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I’ve written a bit about the ongoing Color Wheels series here. While the process is still the same, the most recent abstract panel groupings have focused more intentionally on trying to describe consciousness, emergentism, and linked thought-related processes. Similarly, the Möbius strip hats worn by the girls in the portrait series are also looking at and attempting to visually solidify thought processes.

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Overall, four types of printmaking are highlighted in this show. April Vollmer‘s work brings Western iconography to hieroglyphic narrative woodcut scrolls. Jenny Robinson‘s large-scale architectural intaglios combine collagraph with monoprint. Heather Swenson is showing several screenprinted still lifes inspired by collage. And finally, my Fascinators portraits are each combinations of woodcut and drypoint, while the Carolina Color Wheels mix media with drypoint on copper.

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What: Under Pressure: Redefining the Multiple
Where: Rochester Contemporary, Rochester NY
When: September 2 – 25, 2016
Ambiance: space in which conscientiously compressed areas of space breathe

Graphic Arts Workshop and Print Club of Rochester

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On view in the LAB space in conjunction with the Under Pressure show, a recent collaboration between Graphic Arts Workshop and the Print Club of Rochester presented a diverse group of prints in various techniques from the West and East Coast associations.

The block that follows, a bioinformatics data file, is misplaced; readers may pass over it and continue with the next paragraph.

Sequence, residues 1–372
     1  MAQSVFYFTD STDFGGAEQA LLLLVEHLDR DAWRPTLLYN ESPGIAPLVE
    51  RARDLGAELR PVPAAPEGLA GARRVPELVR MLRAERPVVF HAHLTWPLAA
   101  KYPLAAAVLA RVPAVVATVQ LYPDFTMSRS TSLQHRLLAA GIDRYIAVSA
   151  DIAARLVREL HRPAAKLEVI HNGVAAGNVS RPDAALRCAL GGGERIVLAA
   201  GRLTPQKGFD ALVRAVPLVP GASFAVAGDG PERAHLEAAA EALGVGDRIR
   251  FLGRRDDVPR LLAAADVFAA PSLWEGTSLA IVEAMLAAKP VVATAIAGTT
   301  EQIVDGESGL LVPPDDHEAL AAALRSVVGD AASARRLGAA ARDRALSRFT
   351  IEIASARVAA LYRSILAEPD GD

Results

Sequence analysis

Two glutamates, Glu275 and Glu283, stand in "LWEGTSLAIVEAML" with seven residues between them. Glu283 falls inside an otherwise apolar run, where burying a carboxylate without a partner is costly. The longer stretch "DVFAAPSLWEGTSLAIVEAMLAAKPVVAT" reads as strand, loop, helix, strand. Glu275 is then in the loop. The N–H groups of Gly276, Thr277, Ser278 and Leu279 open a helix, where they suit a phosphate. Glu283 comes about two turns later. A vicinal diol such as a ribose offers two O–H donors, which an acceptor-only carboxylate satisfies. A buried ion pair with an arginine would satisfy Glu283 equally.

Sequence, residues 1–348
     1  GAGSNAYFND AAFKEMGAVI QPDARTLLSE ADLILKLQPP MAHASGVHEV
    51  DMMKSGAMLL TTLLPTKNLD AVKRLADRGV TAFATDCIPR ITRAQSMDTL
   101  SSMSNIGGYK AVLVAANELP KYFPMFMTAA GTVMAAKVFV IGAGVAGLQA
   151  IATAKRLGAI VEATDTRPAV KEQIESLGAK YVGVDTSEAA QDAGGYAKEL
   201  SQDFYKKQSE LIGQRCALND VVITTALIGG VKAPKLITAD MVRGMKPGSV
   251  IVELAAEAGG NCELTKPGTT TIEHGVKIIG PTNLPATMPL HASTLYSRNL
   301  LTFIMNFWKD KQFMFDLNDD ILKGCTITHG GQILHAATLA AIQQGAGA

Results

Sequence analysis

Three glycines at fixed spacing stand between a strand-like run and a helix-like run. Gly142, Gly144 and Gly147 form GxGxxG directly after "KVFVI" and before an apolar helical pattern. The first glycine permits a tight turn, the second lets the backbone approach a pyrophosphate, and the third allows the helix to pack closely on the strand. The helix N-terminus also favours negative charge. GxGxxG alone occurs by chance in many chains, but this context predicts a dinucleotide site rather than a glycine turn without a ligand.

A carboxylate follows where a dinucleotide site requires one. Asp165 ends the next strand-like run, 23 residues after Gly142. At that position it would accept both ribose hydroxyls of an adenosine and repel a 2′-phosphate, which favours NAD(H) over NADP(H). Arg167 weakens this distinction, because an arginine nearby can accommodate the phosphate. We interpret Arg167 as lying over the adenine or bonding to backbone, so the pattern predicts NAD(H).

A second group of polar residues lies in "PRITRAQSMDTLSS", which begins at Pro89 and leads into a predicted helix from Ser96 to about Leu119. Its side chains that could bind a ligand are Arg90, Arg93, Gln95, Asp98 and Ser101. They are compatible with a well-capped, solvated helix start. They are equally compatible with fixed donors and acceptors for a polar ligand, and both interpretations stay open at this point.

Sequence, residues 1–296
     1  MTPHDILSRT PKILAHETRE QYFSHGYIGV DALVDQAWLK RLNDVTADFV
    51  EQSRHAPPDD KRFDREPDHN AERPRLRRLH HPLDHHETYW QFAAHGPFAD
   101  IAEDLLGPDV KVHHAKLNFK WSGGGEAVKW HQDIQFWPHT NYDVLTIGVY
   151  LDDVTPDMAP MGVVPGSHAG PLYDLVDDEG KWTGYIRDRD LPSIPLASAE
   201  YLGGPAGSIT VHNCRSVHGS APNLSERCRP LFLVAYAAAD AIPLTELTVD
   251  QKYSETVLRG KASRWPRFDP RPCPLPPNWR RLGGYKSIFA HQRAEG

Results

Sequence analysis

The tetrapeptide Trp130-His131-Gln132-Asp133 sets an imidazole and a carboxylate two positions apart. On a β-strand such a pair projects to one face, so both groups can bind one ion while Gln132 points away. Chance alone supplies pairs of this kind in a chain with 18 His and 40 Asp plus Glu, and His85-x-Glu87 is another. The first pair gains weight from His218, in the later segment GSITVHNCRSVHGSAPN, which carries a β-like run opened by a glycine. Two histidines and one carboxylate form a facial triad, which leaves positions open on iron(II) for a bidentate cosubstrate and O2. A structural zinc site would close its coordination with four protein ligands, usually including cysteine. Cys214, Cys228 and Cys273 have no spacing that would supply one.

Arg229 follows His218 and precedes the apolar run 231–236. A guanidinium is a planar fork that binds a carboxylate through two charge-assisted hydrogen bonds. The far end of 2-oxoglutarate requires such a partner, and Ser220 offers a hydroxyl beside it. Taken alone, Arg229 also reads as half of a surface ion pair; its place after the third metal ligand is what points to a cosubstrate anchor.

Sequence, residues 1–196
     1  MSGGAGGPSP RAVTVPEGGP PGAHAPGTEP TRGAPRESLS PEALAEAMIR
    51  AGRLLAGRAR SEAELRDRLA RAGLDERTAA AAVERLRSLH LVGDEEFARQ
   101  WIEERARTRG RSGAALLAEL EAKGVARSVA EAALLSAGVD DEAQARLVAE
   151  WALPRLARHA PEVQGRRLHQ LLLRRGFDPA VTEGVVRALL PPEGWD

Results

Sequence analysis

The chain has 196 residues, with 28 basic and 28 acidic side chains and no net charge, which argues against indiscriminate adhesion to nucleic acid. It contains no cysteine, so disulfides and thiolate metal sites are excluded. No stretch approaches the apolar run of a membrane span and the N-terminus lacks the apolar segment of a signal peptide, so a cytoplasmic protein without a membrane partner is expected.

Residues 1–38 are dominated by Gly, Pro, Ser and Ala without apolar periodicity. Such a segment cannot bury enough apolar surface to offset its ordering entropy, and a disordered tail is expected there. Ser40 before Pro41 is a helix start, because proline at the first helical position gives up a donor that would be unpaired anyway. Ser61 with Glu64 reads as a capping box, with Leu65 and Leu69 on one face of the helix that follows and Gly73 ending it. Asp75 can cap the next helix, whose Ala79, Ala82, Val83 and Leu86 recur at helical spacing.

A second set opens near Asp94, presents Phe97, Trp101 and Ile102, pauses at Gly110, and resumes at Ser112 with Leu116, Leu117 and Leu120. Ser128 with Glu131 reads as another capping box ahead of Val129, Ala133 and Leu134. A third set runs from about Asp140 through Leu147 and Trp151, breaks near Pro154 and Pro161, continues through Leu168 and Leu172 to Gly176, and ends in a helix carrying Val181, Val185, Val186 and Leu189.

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Two of my favorite prints from the Graphic Arts Workshop happened also to be two of the smallest. Power Moiré by Anthony Ryan (above left) and Three of Spades by Mariko Jesse (above right) were both tiny prints floating in a clean expanse of paper frame. Ryan’s work pulls the viewer close and in, while Jesse’s card-like plate had a milkiness to it that made me want to pick it up off the paper.

From the Print Club of Rochester, I was drawn to two pieces for their chromatic cleanliness. Treasure Sun Set by Carol Aquilano is a color reduction woodcut at its boldest, with all the transparency and sticky-edged carving marks of relief as expressive medium, while Katherine Baca-Bielinis’s Philadelphia Charm gives an impressionistic glimpse of a column, an archway and the beginning of an ornate ceiling. It’s as if we are watching these forms develop and vanish as they pass in and out of view – that the viewer might even be necessary to their existence.

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Finally, a conceptual piece from Adam Werth, president of the Print Club of Rochester. The materials description on the information panel reads: non-variable data, inkjet, collage. It’s a bit of a troll piece as well since the portfolio format dictates that it must stay on top of the print stack for the creases not to flatten or warp the other prints. I currently have this work in my studio – a good reminder on several levels. The title: 😉.